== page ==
In May 1997, a group of distinguished historians announced the formation of the Historical Society, an organization that sought to be free of the jargon-laden debates and political agendas that have come to characterize the profession. Eugene Genovese, Prsident of the Society, explained the commitment to form a new and genuinely diverse organization. "The Society extends from left to right and embraces people of every ideological and political tendency. The Society promotes frank debate in an atmosphere of civility, mutual respect, and common courtesy. All we require is that participants lay down plausible premises; reason logically; appeal to evidence; and prepare to exchange criticism with those who hold different points of view. Our goal: to promote an integrated history accessible to the public." From those beginnings, the Society has grown to include hundreds of members from every level of the profession, from Pulitzer-prize winning scholars to graduate students, across the ideological and political spectrum.
In this first book from the Historical Society, several founding members explore central topics within the field; the enduring value of the practice of history; the sensitive use of historical records, sources, and archives; the value of common standards; and much more. An engaging and challenging work that will appeal to scholars, students, educators, and the many public readers who have become lost in the culture wars, Reconstructing History is sure to generate the kind of civil, reasoned debate that is a foundational goal of the Historical Society.
Contributors include Walter A. McDougall, Marc Trachtenberg, Alan Charles Kors, Deborah A. Symonds, Leo P. Ribuffo, Bruce Kuklick, Elizabeth Fox-Genovese, Gertrude Himmelfarb, Edward Berkowitz, John Patrick Diggins, John Womack, Victor Davis Hanson, Miriam R. Levin, Martin J. Sklar, Eugene D. Genovese, Daniel C. Littlefield, Elisabeth Lasch-Quinn, Russell Jacoby, Rochelle Gurstein, Paul Rahe, Donald Kagan, Diane Ravitch, Sean Wilentz, Louis Ferleger and Richard H. Steckel.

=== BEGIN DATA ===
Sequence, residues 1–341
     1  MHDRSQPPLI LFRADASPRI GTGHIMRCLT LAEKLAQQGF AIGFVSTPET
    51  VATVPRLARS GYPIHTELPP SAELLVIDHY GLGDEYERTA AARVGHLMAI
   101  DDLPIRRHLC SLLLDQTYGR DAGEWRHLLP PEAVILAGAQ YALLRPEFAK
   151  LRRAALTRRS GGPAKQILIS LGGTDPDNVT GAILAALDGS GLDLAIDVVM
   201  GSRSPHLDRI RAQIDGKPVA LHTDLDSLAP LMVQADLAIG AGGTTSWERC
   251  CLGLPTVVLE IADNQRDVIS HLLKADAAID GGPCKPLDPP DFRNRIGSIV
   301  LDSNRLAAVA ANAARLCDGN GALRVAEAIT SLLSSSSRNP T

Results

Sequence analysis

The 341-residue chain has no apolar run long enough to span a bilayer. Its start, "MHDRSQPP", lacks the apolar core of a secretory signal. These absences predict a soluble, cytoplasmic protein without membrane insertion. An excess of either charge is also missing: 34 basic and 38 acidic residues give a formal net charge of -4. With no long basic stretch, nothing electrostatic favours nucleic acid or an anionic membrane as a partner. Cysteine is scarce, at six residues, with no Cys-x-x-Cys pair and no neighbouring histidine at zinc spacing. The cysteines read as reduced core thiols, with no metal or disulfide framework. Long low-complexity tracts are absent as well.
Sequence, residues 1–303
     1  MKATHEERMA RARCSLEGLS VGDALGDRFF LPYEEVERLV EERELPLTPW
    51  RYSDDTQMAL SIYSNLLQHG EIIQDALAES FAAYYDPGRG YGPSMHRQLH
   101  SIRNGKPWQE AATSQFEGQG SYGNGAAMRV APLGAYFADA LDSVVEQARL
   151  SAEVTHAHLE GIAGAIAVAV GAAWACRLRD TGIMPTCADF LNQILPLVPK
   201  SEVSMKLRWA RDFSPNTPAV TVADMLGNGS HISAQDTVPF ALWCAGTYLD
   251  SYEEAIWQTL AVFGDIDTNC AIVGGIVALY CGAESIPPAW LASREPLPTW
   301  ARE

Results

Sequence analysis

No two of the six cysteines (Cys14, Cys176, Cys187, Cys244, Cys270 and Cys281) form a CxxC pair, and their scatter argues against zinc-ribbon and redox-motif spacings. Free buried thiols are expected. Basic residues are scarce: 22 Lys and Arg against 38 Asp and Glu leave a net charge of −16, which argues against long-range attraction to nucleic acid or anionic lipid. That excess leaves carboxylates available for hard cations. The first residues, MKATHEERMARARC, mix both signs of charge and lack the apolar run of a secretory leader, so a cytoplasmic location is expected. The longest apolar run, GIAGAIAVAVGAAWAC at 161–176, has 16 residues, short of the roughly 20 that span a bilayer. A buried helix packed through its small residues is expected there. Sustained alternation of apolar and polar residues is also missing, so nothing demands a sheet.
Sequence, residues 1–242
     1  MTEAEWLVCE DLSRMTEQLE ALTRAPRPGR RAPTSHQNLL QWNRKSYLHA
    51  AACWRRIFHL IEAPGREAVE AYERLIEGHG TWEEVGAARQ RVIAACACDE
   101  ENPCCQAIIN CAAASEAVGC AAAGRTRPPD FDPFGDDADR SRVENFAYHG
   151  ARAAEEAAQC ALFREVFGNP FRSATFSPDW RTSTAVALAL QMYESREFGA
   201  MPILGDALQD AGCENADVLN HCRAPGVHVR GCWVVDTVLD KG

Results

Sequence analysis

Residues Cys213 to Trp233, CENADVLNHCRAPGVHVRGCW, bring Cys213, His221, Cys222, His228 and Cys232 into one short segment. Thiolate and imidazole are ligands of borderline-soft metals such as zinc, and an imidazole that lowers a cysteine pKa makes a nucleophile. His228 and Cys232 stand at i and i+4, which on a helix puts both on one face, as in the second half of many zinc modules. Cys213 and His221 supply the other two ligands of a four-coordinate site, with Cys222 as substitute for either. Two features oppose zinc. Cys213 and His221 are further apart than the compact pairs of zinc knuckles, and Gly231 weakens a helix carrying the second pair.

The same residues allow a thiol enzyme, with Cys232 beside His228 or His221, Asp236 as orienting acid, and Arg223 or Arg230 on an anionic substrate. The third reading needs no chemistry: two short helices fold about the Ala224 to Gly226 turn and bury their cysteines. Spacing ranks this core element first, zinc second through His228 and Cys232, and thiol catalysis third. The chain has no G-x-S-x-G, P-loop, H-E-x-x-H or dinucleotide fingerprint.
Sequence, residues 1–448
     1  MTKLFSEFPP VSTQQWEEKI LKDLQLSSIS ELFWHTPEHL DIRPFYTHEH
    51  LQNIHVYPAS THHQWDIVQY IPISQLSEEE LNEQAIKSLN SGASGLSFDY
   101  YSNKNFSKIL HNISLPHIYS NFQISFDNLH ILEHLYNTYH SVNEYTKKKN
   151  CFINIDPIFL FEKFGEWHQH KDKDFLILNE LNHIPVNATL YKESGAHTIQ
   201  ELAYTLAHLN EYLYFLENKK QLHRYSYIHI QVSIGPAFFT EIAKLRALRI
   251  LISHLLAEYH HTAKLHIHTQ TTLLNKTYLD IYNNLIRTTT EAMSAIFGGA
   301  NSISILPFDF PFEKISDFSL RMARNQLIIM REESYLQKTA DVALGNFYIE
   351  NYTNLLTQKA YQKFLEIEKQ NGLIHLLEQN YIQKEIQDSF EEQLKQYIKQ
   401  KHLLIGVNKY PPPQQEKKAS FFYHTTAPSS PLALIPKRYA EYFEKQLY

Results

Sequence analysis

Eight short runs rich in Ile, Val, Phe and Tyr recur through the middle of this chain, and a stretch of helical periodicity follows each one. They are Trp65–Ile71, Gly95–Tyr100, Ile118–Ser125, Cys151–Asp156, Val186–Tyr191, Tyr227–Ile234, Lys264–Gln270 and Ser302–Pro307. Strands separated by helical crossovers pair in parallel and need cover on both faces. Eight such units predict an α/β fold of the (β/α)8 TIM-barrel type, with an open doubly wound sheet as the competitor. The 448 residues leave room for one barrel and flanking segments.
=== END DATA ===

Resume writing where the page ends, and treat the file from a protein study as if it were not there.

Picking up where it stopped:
Table of Contents
Pa r t I T h e I m p e r a t i v e : T h e H i s t o r i c a l S o c i e t y a s a C r i t i q u e a n d a N e w I d e a l, P a r t II H i s t o r y a n d the C o n t e m p o r a r y I n t e l l e c t u a l M i l i e u, P a r t I I I M e d i t a t i o n s o n t h e P r a c t i c e o f H i s t o r y, P a r t IV A n E d u c a t i o n a l M i s s i o n : S t a n d a r d s f o r t h e T e a c h i n g of H i s t o r y, P a r t V H i s t o r i a n s at W o r k .
"An important collection for anyone concerned about history and its place in the so-called "culture wars"." -- Religious Studies Review
"Rarely have so many distinguished American historians been collected between the covers of one relatively small book...eloquent...given the intellectual firepower of [Reconstructing History], [readers] are likely to wonder if the postmodernists have more than met their match." -- Washington Times
"Some historians on the right, on the left, and in between agree that something's been missing in the learned societies that represent their discipline. Now a new group aims to fill the gap." -- The Chronicle of Higher Education
"In short, this is a book every historian who aspires to any degree of objectivity should read. The Historical Society has shown that it can match its rhetoric with scholarship. When the organization was founded, John H. Roper of Emory University said,We simply must restore the dignity of our profession. This book has taken an important step in that direction."
"An important collection for anyone concerned about history and its place in the so-called "culture wars." -- Religious Studies Review, July 2001